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Accessing mainstream services


“From our experiences and from our members’ experiences, people who are referred to mainstream services feel a little out of place, and the reason is normally that AA is a group of men with alcohol problems and AlAnon is a group of women whose husbands have the problem. Being a gay man and going to AlAnon for example you end up being amongst the wrong sex. Apart from having to express having an alcohol problem they find it difficult to express they are also gay.”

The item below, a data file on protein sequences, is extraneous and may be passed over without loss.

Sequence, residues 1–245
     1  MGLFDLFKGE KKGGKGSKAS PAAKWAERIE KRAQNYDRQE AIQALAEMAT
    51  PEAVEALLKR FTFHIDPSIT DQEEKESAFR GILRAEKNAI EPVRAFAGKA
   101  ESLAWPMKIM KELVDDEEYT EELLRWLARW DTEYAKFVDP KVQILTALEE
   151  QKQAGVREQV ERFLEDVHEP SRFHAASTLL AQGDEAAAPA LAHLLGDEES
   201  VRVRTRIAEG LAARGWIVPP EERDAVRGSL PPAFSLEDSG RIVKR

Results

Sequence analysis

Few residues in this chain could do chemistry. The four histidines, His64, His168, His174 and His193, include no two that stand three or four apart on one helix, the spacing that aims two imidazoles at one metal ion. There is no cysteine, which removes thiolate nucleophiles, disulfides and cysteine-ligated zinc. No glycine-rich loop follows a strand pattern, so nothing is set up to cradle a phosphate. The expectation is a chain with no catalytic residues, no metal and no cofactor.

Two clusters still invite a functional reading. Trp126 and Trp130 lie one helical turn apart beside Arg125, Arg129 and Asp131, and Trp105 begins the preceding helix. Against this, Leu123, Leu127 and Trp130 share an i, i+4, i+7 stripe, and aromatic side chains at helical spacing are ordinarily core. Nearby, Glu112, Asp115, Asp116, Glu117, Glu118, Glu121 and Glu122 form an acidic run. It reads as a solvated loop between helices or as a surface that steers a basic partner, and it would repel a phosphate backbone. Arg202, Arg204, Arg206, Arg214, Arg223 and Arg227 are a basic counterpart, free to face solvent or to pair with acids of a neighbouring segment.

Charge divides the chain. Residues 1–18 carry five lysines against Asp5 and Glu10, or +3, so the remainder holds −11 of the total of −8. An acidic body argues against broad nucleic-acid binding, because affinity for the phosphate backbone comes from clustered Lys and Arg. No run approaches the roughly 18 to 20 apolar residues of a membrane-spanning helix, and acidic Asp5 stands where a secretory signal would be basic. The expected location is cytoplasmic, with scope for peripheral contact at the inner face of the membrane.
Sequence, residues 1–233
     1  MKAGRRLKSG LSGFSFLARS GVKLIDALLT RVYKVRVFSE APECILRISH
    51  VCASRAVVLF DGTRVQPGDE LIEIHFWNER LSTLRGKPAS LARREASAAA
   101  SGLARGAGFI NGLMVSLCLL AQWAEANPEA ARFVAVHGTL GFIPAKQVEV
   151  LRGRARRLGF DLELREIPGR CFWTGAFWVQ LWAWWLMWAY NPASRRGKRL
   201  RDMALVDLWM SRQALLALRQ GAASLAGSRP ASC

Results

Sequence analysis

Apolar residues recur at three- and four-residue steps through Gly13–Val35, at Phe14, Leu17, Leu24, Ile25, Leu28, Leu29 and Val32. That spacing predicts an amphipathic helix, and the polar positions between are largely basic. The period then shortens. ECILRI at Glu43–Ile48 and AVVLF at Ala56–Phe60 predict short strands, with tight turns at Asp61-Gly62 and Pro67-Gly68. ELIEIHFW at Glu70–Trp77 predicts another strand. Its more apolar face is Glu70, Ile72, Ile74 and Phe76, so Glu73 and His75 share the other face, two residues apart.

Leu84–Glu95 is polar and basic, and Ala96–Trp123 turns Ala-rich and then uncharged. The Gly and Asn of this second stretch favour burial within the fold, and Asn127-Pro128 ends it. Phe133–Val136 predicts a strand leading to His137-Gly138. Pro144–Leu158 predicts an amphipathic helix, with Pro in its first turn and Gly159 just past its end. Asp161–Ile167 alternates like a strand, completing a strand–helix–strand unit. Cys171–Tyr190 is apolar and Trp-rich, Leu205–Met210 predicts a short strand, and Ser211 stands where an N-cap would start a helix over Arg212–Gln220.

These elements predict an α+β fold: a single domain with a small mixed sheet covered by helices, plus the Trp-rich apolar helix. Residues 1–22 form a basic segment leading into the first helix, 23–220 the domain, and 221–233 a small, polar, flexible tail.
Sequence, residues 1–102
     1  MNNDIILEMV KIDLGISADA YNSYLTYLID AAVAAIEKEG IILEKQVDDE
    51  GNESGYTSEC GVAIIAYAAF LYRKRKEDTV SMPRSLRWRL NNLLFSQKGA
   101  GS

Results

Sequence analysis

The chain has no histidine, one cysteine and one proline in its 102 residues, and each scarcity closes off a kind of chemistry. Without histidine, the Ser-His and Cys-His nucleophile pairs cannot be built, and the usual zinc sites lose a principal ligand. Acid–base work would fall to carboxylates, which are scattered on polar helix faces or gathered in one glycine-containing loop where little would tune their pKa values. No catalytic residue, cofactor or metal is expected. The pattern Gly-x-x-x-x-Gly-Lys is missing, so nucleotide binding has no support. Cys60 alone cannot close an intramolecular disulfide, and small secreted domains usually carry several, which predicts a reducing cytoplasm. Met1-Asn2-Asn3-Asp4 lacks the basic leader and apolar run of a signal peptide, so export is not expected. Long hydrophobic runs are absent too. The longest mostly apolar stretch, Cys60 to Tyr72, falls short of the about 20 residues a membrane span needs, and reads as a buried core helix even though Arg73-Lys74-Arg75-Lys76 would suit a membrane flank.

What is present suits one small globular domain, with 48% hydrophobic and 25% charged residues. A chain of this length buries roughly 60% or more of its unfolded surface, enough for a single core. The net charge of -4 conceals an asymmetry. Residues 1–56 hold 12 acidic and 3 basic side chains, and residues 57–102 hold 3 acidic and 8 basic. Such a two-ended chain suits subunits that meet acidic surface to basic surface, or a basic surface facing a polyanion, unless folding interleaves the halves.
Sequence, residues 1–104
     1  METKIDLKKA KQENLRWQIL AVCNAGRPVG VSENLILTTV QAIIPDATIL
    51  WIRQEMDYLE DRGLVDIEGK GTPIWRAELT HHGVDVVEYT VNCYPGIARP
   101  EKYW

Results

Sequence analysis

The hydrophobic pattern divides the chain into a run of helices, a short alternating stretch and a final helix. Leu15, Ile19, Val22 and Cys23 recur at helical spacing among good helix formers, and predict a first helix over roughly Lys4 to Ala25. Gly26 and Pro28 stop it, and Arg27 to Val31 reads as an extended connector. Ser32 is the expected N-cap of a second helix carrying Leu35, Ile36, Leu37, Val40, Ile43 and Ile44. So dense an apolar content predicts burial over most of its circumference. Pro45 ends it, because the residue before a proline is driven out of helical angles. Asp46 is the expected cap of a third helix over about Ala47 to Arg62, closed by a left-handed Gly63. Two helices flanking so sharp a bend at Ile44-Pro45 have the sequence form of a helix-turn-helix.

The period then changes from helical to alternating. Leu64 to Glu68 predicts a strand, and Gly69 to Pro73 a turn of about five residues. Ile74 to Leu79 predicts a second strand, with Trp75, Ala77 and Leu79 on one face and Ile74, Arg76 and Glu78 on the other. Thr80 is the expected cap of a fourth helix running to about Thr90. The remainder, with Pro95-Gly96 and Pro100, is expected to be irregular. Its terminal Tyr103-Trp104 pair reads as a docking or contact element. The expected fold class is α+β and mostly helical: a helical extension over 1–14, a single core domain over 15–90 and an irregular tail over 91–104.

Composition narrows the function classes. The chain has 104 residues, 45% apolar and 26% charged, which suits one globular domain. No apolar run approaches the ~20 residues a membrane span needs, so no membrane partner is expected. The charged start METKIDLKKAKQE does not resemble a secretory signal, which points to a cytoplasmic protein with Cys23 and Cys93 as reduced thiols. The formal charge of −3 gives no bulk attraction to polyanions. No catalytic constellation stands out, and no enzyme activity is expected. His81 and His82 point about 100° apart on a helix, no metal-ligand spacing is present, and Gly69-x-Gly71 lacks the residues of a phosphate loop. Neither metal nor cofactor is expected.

“There is a slight problem, as there is always an intake of breath when you make the fact public (that you are gay) in a predominantly straight male group; we wanted to provide a space where the assumption was that you were gay and would not need therefore to cross that boundary, as well as saying ‘I’ve got a substance abuse problem’.”

“One of the reasons many addicts give for their addiction is ‘You would too if you had my troubles’. It’s very easy to see that someone who is worried about being gay might say to any mainstream service provider - ‘You would take drugs too if you had the misfortune to have discovered you were gay when you did not want to be’. It would be very difficult for any NHS substance abuse service to find a way of convincing an unhappy gay person to be happy about it, as well as leave the gin alone.”

Contributed by: LGBT Alcohol Support Group, 4

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